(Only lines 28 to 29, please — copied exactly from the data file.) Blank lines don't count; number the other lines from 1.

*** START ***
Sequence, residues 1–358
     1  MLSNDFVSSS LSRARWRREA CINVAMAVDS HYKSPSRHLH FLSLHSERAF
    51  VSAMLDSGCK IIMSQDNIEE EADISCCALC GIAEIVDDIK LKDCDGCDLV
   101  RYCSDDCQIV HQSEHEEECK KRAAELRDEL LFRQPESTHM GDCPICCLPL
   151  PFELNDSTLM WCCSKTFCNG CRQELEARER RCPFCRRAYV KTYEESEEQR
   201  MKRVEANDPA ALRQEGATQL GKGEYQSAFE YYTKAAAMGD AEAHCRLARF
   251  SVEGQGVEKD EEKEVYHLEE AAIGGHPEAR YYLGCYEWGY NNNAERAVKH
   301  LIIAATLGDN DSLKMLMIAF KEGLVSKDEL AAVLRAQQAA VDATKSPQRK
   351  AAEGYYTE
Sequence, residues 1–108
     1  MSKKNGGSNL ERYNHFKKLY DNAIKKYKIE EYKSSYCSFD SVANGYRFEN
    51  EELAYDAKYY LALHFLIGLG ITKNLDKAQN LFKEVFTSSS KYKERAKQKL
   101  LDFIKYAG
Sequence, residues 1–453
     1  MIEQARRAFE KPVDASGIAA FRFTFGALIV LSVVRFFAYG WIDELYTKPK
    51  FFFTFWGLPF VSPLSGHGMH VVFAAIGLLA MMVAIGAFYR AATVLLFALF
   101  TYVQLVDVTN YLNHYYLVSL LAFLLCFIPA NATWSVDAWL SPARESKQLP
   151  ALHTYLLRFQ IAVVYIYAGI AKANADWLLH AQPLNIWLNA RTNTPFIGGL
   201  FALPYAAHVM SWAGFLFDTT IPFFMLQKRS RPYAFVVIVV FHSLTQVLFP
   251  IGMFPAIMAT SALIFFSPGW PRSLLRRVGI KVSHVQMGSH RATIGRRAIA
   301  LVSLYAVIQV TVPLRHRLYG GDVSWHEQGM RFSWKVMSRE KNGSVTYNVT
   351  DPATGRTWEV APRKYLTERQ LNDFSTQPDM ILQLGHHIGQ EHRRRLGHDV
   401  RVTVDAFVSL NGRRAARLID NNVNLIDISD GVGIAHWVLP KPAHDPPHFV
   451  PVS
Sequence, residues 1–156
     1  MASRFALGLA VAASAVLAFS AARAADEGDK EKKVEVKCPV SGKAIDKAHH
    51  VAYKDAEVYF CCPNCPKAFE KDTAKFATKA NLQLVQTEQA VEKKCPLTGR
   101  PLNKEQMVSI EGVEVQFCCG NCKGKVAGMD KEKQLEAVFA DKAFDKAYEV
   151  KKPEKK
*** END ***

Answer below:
   101  PLNKEQMVSI EGVEVQFCCG NCKGKVAGMD KEKQLEAVFA DKAFDKAYEV
   151  KKPEKK